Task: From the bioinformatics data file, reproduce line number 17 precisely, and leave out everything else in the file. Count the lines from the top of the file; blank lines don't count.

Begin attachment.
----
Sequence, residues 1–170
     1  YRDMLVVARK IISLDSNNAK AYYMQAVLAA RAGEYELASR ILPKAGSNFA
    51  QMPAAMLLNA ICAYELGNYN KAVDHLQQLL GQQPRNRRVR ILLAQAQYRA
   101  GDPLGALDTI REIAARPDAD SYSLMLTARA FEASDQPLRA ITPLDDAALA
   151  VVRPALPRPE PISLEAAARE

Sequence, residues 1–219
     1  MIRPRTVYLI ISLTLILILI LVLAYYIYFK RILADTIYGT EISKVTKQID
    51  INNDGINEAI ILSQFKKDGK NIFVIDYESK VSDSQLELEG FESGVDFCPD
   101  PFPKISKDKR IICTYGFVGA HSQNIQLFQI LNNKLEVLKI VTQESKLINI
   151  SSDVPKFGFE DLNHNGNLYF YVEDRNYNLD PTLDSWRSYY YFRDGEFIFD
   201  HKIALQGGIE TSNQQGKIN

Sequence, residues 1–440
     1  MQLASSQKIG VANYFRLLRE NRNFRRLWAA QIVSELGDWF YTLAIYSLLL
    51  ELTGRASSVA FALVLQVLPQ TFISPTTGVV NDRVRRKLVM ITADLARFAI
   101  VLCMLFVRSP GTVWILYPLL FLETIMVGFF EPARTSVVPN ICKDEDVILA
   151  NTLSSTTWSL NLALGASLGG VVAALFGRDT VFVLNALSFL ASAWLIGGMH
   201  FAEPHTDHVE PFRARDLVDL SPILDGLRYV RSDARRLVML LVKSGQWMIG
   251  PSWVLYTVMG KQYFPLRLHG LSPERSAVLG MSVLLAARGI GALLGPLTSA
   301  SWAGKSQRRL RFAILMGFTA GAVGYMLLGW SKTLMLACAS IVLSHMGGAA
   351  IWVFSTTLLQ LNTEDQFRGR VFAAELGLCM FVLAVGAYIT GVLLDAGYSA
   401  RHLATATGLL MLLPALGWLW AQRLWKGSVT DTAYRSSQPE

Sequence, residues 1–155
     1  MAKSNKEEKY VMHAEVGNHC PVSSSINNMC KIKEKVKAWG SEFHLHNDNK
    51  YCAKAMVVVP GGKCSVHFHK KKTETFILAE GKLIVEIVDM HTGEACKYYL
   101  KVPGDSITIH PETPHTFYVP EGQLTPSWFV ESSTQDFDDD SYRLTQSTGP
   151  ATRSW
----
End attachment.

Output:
   201  FAEPHTDHVE PFRARDLVDL SPILDGLRYV RSDARRLVML LVKSGQWMIG